10. Hi Jonathan —
    Yes, those are undergrad numbers and they were provided by Senator Kennedy. I may not have repeated the numbers exactly but they should be within 10,000 of what he said for India and China and I’m pretty certain the U.S. number is correct.
    I wonder how much of a decline there has been in foreign student enrollment in PhD programs in America since 9/11.
    I understand your argument about a future economy and I agree with its long-term precepts but what do we do with the non-elite minds in America in the meantime and in the far future?
    There are some bodies born to labor and not higher thinking — and those are the people who are getting hurt by manual labor outsourcing. They used to be able to earn a competitive wage based on their hard work and not their minds but that is no longer the case and they are contributing a large mass of bodies and families to the minimum-wage working poor.
    Those are people who won’t be creating the next Google or Amazon but their backs are strong and their hands are nimble and they want to work and earn a better status in life than their parents — what do we do with them in an intellectual economy of ideas and patents?

  11. Hi David,
    America will always have the competitive advantage because we have the freedoms and political system that encourage entrepreneurial and economic development. The strength of our system shows in our immigrants who come from other nations in order to be successful here. Where else in the world can someone take a good idea and make it a successful business?
    Maybe we haven’t heard about individual Chinese business leaders or companies because of our news media, but there isn’t any real standout Chinese corporation that I’m familiar with, unlike the industrial giants in Europe and America. I don’t know what company produces all of the Chinese products that are for sale in Wal Mart and other places. There aren’t any Chinese electronics or automobile companies that I’m familiar with at this time, except for Lenovo.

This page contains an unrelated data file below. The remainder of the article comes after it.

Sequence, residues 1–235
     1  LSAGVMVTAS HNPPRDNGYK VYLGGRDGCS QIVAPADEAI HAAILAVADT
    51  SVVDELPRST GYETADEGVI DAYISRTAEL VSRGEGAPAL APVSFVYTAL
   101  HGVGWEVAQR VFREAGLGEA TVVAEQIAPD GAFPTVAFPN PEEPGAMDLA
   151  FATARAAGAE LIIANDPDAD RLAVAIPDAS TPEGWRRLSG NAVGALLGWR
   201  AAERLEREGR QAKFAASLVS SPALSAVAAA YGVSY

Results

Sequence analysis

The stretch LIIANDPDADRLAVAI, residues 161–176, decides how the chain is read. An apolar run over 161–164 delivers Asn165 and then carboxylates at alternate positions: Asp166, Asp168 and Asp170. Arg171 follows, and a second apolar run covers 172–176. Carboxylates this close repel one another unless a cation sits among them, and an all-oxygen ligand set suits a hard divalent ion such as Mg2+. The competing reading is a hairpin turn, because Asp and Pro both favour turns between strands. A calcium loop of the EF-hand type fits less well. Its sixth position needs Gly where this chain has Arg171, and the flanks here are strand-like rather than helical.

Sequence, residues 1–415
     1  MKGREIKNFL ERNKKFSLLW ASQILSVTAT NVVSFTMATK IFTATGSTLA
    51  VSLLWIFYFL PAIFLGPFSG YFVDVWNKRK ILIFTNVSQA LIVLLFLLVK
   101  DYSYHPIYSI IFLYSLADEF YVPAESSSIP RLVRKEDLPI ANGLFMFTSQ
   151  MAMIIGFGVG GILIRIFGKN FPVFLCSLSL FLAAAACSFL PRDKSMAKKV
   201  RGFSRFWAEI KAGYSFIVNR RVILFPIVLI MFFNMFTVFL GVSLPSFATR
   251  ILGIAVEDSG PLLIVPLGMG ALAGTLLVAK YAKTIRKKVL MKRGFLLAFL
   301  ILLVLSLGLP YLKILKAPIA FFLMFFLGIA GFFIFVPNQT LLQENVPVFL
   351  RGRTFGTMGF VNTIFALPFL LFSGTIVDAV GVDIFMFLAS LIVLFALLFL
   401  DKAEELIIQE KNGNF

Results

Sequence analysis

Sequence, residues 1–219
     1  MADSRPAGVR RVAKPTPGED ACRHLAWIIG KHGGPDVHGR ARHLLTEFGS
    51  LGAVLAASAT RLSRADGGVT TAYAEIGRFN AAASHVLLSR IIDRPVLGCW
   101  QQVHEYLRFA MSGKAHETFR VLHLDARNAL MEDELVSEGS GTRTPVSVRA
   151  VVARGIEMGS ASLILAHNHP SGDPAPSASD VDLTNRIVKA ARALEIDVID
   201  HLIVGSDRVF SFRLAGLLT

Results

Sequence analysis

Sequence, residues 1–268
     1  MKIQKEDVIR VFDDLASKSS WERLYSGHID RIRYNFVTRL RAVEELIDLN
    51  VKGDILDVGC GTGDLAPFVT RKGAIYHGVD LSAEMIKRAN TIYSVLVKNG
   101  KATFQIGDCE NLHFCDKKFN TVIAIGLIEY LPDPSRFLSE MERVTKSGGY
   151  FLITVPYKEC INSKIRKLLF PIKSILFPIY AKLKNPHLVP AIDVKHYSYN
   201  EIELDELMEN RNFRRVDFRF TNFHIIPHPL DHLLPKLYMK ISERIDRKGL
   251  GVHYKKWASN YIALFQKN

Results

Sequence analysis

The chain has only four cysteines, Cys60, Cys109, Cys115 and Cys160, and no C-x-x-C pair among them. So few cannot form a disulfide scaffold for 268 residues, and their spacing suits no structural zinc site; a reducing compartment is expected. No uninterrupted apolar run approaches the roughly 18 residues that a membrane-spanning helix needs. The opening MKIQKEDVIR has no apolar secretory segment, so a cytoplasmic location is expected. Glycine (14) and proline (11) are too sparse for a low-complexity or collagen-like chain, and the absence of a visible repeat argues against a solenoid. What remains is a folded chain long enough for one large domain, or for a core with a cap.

The only other Chinese company I can think of is COSCO — the China Overseas Shipping Company. I see their shipping containers on the trains that roll through my region.
    America is still focused on innovation.
    That’s our advantage and strength.
    I don’t see cutting edge techonology being developed in China. Manufacuring occurs overseas and in countries such as Mexico, but I don’t see anything innovative being created there.
    China will always need the United States because we have the money.
    If China decides to ignore us, they risk losing the ability to make the money they crave. Who buys most of the products made in Japan? America. If the Chinese lose our market, there aren’t many other places in the world that have the disposable income to purchase their items.
    I do support the idea of universal college education for all Americans. Even the lower level jobs require critical thinking abilities, so having people exposed to higher education will do our nation well.
    I also think that we should encourage immigration policies that welcome the best and the brightest to America.
    America will always continue to be successful if we continue to foster the American dream and provide the playing field that allows people to realize their goals.